Tilin Fang, Yanqi Wu, Shiva Makaju, Todd Tribble, Dennis L. Martin and Justin Q. Moss
Turfgrass varietal identification is critical and allows turfgrass professionals to manage the turf based on the cultural requirements of the variety. On the Oklahoma State University (OSU) Baseball Field (OSUBF) in Stillwater, OK, some bermudagrass (Cynodon sp.) plants exhibited desirable traits but their exact identities were unknown due to the installation of multiple varieties over time. Accordingly, the major objective of this study was to identify if the desirable bermudagrass plants were from commercially available known varieties. Recently, the OSU turf bermudagrass breeding program developed and entered three fairway-type clonal bermudagrasses in the 2013 National Turfgrass Evaluation Program (NTEP) bermudagrass trial: OKC 1131, OKC 1163, and OKC 1302. The secondary objective was to create molecular marker profiles for these three experimental lines. Five OSUBF samples were analyzed using simple sequence repeat (SSR) markers, along with 24 clonal, commercially available turf bermudagrass varieties widely used in Oklahoma, the three OSU experimental clones, six randomly selected single plants from ‘Riviera’, and two controls for common bermudagrass (Cynodon dactylon) and african bermudagrass (Cynodon transvaalensis). SSR marker genotyping data indicated that the five OSUBF plants were clones of an identical bermudagrass. The OSUBF bermudagrass had the same fingerprint as ‘Astro-DLM’ bermudagrass for 14 out of 16 SSRs genotyped. Fifteen out of 30 additional SSR markers also showed differences between the OSUBF bermudagrass and ‘Astro-DLM’. The three OSU experimental clones were different from each other and had different fingerprints from the other tested varieties based on SSR profiles, indicating they are new breeding lines. These four distinct lines have potential to be released as new varieties if they demonstrate superior turf quality traits and adaptation over time.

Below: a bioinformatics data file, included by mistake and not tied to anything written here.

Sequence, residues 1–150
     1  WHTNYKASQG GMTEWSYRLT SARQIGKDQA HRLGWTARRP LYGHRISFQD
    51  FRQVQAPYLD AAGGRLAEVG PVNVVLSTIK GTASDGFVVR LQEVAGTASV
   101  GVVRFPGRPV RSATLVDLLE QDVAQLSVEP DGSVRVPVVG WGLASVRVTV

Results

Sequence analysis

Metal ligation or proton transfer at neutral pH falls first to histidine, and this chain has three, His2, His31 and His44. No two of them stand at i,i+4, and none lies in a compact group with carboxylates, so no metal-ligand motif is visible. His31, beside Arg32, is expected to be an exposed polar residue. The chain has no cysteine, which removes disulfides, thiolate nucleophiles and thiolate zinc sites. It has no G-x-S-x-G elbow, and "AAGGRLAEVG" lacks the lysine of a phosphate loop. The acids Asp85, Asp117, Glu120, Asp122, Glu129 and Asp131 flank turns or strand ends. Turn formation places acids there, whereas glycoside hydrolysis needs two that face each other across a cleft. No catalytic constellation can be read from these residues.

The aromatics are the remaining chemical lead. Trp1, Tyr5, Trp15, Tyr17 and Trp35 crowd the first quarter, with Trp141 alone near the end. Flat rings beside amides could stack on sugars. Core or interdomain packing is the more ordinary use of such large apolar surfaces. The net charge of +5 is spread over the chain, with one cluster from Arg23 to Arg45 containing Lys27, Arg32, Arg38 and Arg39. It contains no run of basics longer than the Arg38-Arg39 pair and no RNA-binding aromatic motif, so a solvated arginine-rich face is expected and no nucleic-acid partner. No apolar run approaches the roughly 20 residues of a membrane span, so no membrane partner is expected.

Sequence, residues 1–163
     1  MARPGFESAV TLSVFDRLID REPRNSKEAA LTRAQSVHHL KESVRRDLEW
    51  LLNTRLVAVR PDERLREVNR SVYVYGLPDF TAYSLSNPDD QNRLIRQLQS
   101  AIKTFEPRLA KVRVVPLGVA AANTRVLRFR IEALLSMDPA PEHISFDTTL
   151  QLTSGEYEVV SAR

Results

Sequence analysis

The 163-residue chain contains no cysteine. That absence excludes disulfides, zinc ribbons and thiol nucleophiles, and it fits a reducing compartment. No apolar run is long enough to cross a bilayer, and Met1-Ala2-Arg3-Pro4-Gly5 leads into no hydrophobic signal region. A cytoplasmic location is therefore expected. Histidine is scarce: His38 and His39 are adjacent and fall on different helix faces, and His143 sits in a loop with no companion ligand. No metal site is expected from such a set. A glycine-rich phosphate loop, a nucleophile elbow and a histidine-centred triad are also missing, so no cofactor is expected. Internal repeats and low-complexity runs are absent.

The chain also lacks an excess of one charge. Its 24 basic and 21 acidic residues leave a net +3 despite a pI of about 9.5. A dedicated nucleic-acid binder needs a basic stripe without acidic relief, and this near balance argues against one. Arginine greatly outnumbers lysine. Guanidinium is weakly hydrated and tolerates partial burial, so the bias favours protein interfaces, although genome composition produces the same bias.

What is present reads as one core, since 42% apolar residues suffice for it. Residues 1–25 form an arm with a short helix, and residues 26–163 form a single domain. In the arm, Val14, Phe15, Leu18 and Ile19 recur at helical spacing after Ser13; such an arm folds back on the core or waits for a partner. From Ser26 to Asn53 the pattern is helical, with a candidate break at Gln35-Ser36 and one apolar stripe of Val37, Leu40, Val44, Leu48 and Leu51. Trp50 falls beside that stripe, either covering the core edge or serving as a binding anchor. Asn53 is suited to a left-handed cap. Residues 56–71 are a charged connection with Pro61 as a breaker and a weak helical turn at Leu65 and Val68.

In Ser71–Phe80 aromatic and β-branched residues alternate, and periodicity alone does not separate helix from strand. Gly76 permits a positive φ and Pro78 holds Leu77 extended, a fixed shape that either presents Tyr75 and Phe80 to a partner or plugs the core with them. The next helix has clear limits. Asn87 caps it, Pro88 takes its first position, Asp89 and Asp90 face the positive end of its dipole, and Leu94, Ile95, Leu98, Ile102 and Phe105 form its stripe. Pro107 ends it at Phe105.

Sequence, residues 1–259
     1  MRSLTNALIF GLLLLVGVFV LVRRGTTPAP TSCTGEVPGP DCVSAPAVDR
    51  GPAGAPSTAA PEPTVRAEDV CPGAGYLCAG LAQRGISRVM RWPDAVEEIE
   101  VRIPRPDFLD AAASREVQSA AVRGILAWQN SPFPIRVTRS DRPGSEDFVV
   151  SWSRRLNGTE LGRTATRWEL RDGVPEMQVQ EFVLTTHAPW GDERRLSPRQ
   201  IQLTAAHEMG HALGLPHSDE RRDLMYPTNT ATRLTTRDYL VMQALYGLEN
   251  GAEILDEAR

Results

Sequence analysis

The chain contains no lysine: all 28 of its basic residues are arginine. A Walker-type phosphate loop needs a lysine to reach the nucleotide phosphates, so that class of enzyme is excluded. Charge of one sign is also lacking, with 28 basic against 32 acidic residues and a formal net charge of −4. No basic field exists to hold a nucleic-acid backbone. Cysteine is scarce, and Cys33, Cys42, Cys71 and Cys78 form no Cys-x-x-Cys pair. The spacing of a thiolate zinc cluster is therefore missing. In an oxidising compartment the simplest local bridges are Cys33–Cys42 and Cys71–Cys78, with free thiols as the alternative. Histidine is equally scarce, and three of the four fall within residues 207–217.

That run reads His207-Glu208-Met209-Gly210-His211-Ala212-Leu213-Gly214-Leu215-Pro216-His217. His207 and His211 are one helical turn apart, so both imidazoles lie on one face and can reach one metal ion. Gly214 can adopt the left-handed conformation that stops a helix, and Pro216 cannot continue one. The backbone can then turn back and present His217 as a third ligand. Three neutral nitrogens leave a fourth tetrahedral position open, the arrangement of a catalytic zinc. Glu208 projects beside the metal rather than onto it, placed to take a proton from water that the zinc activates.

Gregg C. Munshaw, Jeffery S. Beasley, Christian M. Baldwin, Justin Q. Moss, Kenneth L. Cropper, H. Wayne Philley, Chrissie A. Segars and Barry R. Stewart
Hybrid bermudagrass [Cynodon dactylon × Cynodon transvaalensis] is frequently used throughout the southern and transitional climatic zones of the United States. These grasses can only be vegetatively propagated, such as by sprigging. Turf managers will often apply high rates of sprigs and nitrogen (N) in an attempt to minimize the time to establishment. However, little is known about how planting and N rates affect establishment. The objective of this study was to determine optimum sprigging and N rates during the establishment of ‘Latitude 36’ hybrid bermudagrass to minimize time to full surface cover. The study was conducted in four locations across the southern United States during Summer 2015. Sprigging rates consisted of 200, 400, 600, and 800 U.S. bushels/acre (9.3 gal/bushel), and N rates were 0, 11, 22, and 44 lb/acre N per week. Results showed that as the N rate increased, percent cover generally increased but only slightly [7% difference between high and low rates 5 weeks after planting (WAP)]. The effect of sprig rate on percent cover indicated that as rate increased, cover also increased. Differences in establishment due to sprig rate were present until 6 WAP at which time all plots achieved 100% cover. The greatest difference between N and sprig rate was that sprig rate showed differences in percent cover immediately, whereas N rate differences were not apparent until 2 WAP. Increasing sprig rather than N rate should be considered to speed up establishment.